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June 15, 2017 | Uhuruspirit

Bill Cosby

Crying was heard in the courtroom as the jury in the Bill Cosby sexual assault trial announced it was deadlocked on all three counts, after some 30 hours of deliberating, and Judge Steven O'Neill implored them to try again.

The jurors sent a note to O’Neill stating they “cannot come to a unanimous consensus on any of the counts.” But O'Neill denied a motion for a mistrial.

“The jury foreman has informed me that you are deadlocked,” O'Neill said as the jury reconvened in the courtroom. “Each of you has a duty to consult with one another … if it can be done without violence. But each of you must decide by yourself.”

After hearing his statement, the jurors walked out, appearing sullen, as sounds of crying could be heard among spectators in the courtroom.

Lili Bernard, a Cosby accuser who has attended the trial, declined to comment on the deadlock, as she sat, with tears in her eyes, in the lobby outside of the courtroom.

Attorney Gloria Allred, who represents dozens of Cosby accusers and has been attending the trial, said the deadlock is not the end of the case. The court “instruction was for the jury to go back and deliberate,” she said, her voice cracking. “This deadlock could change.”

Cosby's spokesman, Andrew Wyatt, immediately seized on the development as a sign the prosecution failed to make its case to a unanimous jury. The facts of the case, “don’t add up,” he said, arguing that the charges were pursued by District Attorney Kevin Steele as a "catapult for his (political) ambitions.”

"Mr. Cosby should not be here today, should not ever have been here…but we can’t change that, he’s here right now,” Wyatt said.

The jury arrived Thursday for its fourth day of deliberations — believed to be a record here — while tension simmered among all those standing by for a sign: the defendant, his accuser, prosecutors and defense lawyers.

Not to mention the media mob wilting in the heat outside the courthouse.

A 13-year-old alleged sexual assault. More than two years of lurid headlines and multiple pre-trial hearings. Six days of courtroom dramatics. Now it's Day 9 and down to the seven men and five women on the jury, struggling to reach a verdict on three counts of aggravated indecent sexual assault stemming from an encounter between Cosby and accuser Andrea Constand at his home nearby in 2004.

Over the past 30 hours have passed since the sequestered jury got the case on Monday evening. In that time, they have assembled back in court a half-dozen times to ask questions or request extended read-backs of testimony, during which some listened intently while others appeared bored or dozing. One juror slouched in his seat, looking angry. There were delays because some trial testimony had not been transcribed yet.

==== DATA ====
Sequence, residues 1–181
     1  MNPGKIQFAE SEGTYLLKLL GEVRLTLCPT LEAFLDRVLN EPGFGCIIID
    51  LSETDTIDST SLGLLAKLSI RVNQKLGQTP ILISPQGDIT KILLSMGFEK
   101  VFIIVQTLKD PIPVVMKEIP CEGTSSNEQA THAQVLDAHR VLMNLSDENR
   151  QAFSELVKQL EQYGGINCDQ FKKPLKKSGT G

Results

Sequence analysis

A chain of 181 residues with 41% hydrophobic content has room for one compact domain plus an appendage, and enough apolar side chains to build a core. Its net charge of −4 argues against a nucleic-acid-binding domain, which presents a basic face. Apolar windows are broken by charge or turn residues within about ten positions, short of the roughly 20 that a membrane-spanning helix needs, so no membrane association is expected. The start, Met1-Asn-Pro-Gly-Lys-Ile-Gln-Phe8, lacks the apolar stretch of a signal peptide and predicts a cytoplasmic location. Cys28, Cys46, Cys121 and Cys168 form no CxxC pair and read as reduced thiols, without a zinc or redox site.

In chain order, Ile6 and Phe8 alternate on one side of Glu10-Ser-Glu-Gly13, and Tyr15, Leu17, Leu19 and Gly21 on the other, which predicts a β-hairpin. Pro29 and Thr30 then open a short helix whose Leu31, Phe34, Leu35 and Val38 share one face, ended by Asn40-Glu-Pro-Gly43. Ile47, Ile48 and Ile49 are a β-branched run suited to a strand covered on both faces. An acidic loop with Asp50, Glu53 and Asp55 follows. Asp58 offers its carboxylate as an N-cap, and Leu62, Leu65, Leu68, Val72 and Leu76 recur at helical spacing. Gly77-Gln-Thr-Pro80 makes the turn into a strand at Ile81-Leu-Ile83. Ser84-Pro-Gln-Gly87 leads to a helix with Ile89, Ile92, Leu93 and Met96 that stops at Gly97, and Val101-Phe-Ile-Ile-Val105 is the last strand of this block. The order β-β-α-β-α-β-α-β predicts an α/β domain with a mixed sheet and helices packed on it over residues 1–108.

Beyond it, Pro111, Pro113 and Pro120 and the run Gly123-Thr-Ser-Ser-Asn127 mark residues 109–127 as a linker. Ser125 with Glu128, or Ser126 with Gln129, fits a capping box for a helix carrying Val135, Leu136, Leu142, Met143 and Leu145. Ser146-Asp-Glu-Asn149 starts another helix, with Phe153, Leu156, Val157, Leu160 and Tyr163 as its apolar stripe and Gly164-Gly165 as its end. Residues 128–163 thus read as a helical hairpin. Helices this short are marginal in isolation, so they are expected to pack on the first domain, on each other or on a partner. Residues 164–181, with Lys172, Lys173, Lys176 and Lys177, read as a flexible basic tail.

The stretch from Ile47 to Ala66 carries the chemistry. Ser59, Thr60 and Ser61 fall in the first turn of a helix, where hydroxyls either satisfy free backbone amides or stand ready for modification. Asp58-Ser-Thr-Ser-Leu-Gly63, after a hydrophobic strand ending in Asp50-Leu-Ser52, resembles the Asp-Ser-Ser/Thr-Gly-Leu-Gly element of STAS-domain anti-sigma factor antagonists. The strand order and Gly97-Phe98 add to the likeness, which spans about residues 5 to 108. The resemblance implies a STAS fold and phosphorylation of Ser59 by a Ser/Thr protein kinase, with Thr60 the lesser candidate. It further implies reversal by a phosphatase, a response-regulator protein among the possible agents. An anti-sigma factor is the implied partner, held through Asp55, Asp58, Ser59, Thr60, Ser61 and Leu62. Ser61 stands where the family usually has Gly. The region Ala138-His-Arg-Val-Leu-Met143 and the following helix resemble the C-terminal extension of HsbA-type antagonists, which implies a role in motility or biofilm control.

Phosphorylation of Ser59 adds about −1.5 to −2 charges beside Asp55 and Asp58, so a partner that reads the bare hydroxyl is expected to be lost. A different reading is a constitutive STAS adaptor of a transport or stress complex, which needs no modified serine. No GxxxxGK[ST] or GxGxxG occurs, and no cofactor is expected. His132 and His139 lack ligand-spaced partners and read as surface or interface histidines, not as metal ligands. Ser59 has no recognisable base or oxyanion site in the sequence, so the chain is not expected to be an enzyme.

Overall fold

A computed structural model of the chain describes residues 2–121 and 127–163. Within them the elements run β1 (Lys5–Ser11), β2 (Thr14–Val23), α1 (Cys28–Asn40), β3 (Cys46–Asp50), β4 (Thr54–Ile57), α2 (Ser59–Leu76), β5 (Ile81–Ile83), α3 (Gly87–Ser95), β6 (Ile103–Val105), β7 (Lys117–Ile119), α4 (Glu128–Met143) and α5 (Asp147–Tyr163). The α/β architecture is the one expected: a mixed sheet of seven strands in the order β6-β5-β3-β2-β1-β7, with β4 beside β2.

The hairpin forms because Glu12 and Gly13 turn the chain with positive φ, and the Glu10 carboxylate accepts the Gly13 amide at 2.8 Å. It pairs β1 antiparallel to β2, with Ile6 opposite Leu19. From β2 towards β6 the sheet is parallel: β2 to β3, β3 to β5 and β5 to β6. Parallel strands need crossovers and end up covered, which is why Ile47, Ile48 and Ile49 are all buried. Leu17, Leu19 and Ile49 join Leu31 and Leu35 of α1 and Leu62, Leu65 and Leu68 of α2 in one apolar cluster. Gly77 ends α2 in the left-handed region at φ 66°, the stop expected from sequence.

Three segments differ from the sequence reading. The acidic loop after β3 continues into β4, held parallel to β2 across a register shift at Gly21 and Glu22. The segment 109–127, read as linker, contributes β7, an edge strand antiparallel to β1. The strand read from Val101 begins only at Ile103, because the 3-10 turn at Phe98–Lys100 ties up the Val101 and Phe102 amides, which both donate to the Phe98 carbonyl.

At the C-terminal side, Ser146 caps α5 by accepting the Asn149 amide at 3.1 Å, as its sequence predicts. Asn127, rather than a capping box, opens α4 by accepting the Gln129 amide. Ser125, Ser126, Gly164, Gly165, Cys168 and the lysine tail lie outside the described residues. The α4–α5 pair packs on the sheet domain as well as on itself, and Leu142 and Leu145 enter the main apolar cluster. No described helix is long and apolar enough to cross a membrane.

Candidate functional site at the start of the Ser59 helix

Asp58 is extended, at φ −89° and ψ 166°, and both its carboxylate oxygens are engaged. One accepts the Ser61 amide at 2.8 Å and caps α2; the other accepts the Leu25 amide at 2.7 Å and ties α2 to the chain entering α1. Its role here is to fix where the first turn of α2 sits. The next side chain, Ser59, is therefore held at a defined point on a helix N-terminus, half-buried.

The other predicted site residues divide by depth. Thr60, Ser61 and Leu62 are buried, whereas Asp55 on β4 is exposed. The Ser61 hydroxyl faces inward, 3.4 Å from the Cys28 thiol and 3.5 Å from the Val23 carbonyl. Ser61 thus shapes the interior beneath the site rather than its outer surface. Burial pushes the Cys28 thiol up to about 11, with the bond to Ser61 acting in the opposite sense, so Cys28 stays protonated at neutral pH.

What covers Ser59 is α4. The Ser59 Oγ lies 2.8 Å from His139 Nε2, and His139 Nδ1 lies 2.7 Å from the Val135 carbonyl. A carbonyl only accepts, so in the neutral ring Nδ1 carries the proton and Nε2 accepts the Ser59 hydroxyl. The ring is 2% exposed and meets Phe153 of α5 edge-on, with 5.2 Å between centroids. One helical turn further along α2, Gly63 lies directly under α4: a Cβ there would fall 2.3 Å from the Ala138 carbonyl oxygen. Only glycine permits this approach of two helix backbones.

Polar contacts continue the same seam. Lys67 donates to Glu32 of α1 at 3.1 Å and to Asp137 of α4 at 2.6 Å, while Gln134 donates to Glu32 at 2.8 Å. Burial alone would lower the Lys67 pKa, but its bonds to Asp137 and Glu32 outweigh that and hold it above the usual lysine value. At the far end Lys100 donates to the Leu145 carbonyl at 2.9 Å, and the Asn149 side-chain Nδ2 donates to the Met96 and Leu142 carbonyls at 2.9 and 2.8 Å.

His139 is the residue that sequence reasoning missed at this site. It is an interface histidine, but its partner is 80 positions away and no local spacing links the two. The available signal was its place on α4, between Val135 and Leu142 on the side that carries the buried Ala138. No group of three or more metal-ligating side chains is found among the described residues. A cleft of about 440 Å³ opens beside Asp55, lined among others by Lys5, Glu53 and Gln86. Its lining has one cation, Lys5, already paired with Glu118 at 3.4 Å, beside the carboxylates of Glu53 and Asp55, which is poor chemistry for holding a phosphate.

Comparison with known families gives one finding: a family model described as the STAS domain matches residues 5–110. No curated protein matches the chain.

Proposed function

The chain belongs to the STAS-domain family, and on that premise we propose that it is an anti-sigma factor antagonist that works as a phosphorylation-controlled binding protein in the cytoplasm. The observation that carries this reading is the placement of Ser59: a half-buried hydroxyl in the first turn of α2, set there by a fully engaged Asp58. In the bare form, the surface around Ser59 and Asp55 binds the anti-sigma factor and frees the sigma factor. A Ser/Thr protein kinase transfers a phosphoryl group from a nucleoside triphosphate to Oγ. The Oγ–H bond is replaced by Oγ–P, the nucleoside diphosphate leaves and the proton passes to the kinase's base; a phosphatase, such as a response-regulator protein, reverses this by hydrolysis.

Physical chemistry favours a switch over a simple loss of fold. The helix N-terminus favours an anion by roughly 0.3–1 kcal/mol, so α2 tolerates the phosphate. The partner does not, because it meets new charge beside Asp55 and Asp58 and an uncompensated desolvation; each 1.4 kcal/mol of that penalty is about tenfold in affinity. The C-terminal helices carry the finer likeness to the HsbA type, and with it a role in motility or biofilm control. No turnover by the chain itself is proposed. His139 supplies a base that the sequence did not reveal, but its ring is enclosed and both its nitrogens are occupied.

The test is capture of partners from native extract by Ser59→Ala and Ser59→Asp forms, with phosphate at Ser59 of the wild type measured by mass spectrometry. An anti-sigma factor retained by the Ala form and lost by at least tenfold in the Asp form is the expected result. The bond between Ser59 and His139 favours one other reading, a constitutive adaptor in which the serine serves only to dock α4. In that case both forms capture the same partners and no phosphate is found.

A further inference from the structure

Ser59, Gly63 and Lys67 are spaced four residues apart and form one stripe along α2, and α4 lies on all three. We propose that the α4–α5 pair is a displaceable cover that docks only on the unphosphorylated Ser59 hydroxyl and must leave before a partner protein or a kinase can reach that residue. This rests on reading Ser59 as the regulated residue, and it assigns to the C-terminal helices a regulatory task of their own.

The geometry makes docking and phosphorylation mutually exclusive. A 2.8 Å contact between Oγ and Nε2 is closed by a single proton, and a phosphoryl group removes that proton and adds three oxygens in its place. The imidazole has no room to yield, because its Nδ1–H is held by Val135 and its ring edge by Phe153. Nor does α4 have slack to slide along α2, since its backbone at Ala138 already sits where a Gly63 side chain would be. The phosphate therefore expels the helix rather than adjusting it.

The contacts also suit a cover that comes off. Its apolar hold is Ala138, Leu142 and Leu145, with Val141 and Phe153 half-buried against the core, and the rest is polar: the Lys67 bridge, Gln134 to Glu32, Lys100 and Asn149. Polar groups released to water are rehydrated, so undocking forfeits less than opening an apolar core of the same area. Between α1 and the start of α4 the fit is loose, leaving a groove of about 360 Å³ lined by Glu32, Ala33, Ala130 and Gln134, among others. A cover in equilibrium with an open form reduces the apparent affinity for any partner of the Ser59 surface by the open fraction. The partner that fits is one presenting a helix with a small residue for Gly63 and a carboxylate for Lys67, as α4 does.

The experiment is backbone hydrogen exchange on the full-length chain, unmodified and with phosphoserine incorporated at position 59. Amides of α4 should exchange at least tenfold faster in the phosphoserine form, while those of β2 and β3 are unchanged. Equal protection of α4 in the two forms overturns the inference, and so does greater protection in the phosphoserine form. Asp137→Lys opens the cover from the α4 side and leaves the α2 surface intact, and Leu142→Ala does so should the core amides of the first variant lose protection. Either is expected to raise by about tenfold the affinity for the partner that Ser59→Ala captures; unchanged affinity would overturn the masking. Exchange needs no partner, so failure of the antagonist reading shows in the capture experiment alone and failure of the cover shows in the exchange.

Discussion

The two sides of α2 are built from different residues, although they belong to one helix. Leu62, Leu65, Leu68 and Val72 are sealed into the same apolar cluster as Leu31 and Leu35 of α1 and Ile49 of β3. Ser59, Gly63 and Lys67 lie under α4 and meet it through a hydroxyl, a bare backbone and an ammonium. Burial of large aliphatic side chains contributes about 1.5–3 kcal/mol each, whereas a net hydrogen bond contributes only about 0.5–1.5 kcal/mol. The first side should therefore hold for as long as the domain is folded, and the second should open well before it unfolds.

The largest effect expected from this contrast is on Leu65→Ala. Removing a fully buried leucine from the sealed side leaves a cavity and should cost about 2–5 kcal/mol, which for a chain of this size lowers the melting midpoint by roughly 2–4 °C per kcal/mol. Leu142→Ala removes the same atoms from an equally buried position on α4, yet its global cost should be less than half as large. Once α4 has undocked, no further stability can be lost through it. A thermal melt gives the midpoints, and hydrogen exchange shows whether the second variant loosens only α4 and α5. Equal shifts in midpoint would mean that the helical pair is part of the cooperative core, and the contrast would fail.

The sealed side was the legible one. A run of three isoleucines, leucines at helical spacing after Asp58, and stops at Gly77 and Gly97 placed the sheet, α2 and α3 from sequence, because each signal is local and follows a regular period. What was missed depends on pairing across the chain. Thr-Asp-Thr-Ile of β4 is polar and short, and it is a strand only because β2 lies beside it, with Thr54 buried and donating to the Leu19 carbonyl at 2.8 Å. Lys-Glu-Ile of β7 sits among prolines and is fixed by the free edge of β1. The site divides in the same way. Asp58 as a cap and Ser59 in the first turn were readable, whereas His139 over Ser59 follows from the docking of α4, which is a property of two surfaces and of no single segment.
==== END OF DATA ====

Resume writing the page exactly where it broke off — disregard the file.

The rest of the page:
Judge Steven O'Neill has been by turns exasperated and effusive, praising the jury's diligence. "This is an incredible jury that has just acted with incredible dignity and fidelity," O'Neill said Wednesday. "I don't have any higher praise. You have taken your task so seriously."

Meanwhile, experts on jury behavior are weighing in on what could be happening in the jury room, including on Twitter.

"It's common for jury to tell Judge they have consensus on 1 Count but not others making me think no consensus on any of 3 Counts," tweeted Chicago-based jury consultant Alan Tuerkheimer after the third day of deliberating with no verdict.

Meanwhile, stress seemed to be rising as everyone, including Constand, waited. At one point, Constand's mother, Gianna Constand, who testified for the prosecution, was seen wiping away tears on Wednesday as she listened to a read-back of excerpts from Cosby's 2005 police interview about the encounter with her daughter.

Cosby said in the interview that he gave Constand Benadryl to "relax," and that she was not incapacitated by it nor did she object to his behavior. Constand says that whatever Cosby gave her left her "frozen" on his couch and unable to fend off his groping her genitals.

Cosby, 79 and nearly blind, arrived at the courthouse shortly before 9 a.m., but there was no sign of his wife of 53 years, Camille, who joined him for the first time Monday, nor their four daughters.

Cosby has been by turns alert or seemingly indifferent at the defense table while jurors were listening to testimony excerpts read aloud. He nodded or shook his head as some excerpts were read.

He grinned at the mention of a T-shirt gift Constand had delivered, the one with an image of his Fat Albert cartoon character on it with Constand’s face superimposed over it.

Mostly, he's appeared stoic, his head down, a hand covering his face. If convicted, he could spend the rest of his life in prison.

- AP

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